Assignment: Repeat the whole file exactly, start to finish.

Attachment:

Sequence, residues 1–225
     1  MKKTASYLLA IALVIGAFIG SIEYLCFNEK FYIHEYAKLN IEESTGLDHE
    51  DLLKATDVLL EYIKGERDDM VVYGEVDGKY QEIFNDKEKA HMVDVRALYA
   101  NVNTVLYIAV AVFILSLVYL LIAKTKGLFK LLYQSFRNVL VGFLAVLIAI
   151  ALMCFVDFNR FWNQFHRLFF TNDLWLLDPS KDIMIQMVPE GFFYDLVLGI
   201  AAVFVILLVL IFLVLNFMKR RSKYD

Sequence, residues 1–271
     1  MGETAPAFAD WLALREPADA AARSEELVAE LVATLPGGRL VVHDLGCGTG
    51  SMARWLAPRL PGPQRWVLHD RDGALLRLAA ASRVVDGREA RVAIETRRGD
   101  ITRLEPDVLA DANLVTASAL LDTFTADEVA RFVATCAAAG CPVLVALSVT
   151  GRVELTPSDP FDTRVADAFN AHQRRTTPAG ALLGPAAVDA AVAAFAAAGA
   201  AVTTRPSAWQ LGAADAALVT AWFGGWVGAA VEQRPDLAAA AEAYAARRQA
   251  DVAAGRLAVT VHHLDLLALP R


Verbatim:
Sequence, residues 1–225
     1  MKKTASYLLA IALVIGAFIG SIEYLCFNEK FYIHEYAKLN IEESTGLDHE
    51  DLLKATDVLL EYIKGERDDM VVYGEVDGKY QEIFNDKEKA HMVDVRALYA
   101  NVNTVLYIAV AVFILSLVYL LIAKTKGLFK LLYQSFRNVL VGFLAVLIAI
   151  ALMCFVDFNR FWNQFHRLFF TNDLWLLDPS KDIMIQMVPE GFFYDLVLGI
   201  AAVFVILLVL IFLVLNFMKR RSKYD

Sequence, residues 1–271
     1  MGETAPAFAD WLALREPADA AARSEELVAE LVATLPGGRL VVHDLGCGTG
    51  SMARWLAPRL PGPQRWVLHD RDGALLRLAA ASRVVDGREA RVAIETRRGD
   101  ITRLEPDVLA DANLVTASAL LDTFTADEVA RFVATCAAAG CPVLVALSVT
   151  GRVELTPSDP FDTRVADAFN AHQRRTTPAG ALLGPAAVDA AVAAFAAAGA
   201  AVTTRPSAWQ LGAADAALVT AWFGGWVGAA VEQRPDLAAA AEAYAARRQA
   251  DVAAGRLAVT VHHLDLLALP R